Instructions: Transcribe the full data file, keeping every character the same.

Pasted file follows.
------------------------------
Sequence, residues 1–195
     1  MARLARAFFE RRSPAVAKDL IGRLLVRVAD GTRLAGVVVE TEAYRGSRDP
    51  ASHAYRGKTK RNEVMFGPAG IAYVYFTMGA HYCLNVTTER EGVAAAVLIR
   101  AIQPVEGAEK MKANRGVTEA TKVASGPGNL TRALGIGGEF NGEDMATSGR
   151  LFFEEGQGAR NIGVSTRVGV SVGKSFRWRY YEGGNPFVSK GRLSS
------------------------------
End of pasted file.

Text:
Sequence, residues 1–195
     1  MARLARAFFE RRSPAVAKDL IGRLLVRVAD GTRLAGVVVE TEAYRGSRDP
    51  ASHAYRGKTK RNEVMFGPAG IAYVYFTMGA HYCLNVTTER EGVAAAVLIR
   101  AIQPVEGAEK MKANRGVTEA TKVASGPGNL TRALGIGGEF NGEDMATSGR
   151  LFFEEGQGAR NIGVSTRVGV SVGKSFRWRY YEGGNPFVSK GRLSS